Samsung SMX-C20 Digital Camcorder

The new Samsung digital camcorder, knows as SMX-C20, has an ergonomic
design and includes a mix of style, comfort and technology which allows
you to capture memorable moments of your life and share them over the
Internet with a single touch.

Samsung SMX-C20 consists of an built-in lenses with an Active angle of
25 degrees of inclination. It has inherited this conception from SMX-C10
and HMX-R10 cameras. According to Samsung, this lens makes it possible
to hold the camera in a more natural position, which reduces the overall
load on the wrist and elbow. In addition, the LCD screen is out of
sight and allows the user to concentrate on his subject.

Samsung knows that they need a hook to sell these devices, and with its
SMX-C20 model they are deviating from the traditional aspect of
camcorder. The result is a comfortable and ergonomic design which
Samsung claims is ideal for long recordings.

The Samsung SMX-C20 ultra-compact camcorder consists of an LCD screen
with a resolution of 720 x 480 pixels for outstanding video recording
standard definition, which allows users to take still images with a
resolution of 2 megapixel. The unit also supports H.264 compression
offering longer recording time period over typical MPEG2 format. It
allows users to get closer to the action regardless of the subject’s
distance with its 10x optical zoom feature.

Design is not enough to make a consumer camcorder, and the C20 has a lot
of competition from other devices in the same $200 (MSRP) price range,
including standard-definition models from Sony and Panasonic in addition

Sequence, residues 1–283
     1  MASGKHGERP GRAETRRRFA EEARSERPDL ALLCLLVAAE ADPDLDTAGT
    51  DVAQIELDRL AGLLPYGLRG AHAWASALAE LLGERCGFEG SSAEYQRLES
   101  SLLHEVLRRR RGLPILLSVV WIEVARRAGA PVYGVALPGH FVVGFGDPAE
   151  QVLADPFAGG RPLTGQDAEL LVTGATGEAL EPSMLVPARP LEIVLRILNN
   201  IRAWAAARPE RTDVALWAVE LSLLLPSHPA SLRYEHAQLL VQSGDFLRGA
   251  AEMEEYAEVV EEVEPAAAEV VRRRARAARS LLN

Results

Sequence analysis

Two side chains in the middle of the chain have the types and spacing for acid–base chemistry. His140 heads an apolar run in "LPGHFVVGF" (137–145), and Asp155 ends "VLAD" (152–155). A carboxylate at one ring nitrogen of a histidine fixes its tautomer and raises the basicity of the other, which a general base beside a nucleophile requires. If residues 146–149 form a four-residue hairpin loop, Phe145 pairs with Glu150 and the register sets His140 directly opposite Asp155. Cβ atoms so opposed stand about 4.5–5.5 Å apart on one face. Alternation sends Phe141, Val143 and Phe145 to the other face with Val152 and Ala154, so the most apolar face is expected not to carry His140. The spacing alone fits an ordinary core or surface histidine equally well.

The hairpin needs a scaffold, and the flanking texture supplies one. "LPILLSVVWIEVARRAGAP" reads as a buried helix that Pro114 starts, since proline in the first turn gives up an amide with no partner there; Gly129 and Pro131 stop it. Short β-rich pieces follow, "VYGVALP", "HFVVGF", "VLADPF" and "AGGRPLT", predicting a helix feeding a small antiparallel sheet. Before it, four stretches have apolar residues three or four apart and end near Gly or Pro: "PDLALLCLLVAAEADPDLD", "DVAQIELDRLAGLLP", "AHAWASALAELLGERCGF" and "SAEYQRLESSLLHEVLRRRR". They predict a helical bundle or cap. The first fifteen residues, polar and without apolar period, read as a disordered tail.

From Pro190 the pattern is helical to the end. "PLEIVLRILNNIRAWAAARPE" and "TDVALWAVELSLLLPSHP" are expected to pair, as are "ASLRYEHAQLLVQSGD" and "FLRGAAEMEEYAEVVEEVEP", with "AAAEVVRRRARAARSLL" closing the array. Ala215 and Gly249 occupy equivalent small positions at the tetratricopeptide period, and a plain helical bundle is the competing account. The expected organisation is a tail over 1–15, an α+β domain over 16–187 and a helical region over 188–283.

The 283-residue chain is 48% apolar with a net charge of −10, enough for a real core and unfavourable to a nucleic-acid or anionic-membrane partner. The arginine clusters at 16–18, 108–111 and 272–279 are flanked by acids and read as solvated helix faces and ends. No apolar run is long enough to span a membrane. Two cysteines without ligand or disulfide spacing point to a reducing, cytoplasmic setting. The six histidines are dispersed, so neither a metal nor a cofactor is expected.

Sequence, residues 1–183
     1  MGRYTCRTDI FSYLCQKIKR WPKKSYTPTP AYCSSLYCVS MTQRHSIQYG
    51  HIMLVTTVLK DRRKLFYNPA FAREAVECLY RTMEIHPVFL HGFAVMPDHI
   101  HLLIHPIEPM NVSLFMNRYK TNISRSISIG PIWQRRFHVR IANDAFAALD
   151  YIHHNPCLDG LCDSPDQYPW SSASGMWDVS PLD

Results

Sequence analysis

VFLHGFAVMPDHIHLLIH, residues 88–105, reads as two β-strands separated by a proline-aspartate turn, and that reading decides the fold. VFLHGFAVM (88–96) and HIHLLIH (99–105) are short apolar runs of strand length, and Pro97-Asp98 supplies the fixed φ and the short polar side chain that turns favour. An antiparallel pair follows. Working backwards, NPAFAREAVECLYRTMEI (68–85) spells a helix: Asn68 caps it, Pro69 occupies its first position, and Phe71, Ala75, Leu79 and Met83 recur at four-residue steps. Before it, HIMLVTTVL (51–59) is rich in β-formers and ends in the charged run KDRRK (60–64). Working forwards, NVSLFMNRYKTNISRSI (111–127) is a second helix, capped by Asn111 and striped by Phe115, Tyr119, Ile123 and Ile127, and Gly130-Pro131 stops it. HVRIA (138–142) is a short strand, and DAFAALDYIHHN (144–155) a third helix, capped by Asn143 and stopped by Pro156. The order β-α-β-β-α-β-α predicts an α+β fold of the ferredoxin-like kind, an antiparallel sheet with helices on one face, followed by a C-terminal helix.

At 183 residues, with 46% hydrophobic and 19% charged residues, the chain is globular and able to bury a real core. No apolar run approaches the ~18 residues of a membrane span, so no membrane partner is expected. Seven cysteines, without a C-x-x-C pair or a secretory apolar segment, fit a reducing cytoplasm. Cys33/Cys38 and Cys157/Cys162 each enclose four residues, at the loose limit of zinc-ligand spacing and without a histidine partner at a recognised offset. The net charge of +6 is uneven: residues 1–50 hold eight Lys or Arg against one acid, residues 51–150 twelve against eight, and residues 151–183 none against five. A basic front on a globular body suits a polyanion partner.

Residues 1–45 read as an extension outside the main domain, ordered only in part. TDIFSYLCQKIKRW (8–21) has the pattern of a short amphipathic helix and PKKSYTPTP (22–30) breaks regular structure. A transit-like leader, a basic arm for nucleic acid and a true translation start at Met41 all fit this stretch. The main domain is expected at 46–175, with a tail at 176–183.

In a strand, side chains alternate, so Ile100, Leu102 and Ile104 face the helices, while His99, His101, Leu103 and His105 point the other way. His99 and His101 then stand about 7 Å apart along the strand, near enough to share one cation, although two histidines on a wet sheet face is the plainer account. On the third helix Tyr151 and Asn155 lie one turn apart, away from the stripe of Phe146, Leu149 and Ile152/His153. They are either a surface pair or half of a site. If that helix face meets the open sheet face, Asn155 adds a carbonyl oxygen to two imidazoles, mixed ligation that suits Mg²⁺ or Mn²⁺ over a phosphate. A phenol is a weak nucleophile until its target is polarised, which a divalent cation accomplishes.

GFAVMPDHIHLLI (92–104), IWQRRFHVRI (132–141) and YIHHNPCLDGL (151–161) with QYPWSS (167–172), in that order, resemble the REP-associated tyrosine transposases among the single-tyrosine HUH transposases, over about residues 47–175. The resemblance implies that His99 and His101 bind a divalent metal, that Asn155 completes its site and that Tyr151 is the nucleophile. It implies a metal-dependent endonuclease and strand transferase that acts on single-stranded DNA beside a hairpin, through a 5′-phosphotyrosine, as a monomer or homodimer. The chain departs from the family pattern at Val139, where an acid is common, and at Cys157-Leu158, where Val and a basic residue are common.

to the ever-growing pocket HD camcorder lineup. With this review you
can easily find out how the SMX-C20 performed in my two weeks of
testing, and if its features and modes make up its relatively low

There are two models of SMX-C, the C20 and the C24. The C20 is available
in red and purple and requires an SD or SDHC card up to 32 GB. The C24
is available only in black and has a 16 GB solid state drive (SSD).

The SSD defines the current crop of Samsung SD and HD camcorders. SSDs
are smaller, lighter, faster, more reliable and consume less energy than
conventional hard drives. When compared to SD cards, SSDs are generally
faster to access data. If Samsung C20 were smaller, it can compete with
handheld camcorders more compact. It measures 1.39 x 2.21 x 4.29 inches
and weighs about 5 ounces. It is easy to take and I could almost
completely wrapped my hand around the device.

The front of the C20 houses the lens, which is at an angle of 25 degrees
upward from the rest of the body. On the back is the record button,
charging LED, and the cover hides the USB connector, DC-in jack, AV
input, SD/SDHC slot, and a removable rechargeable battery. On the palm
side is bare sans of wrist strap hook, and the 2.7-inch LCD swivels out
from the opposite side. LCD opens up 90 degrees and rotates 180. Below